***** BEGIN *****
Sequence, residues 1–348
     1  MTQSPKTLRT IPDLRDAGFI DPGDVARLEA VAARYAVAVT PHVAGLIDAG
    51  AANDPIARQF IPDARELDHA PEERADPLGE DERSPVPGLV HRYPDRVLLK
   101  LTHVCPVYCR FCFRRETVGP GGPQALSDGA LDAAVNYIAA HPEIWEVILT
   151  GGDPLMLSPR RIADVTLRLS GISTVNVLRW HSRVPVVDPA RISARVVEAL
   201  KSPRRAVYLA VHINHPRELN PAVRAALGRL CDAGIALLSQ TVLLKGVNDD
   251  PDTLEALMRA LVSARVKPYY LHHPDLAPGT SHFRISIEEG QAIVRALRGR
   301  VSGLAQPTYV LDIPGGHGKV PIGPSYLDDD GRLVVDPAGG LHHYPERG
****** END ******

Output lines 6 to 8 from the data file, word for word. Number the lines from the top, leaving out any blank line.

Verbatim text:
   201  KSPRRAVYLA VHINHPRELN PAVRAALGRL CDAGIALLSQ TVLLKGVNDD
   251  PDTLEALMRA LVSARVKPYY LHHPDLAPGT SHFRISIEEG QAIVRALRGR
   301  VSGLAQPTYV LDIPGGHGKV PIGPSYLDDD GRLVVDPAGG LHHYPERG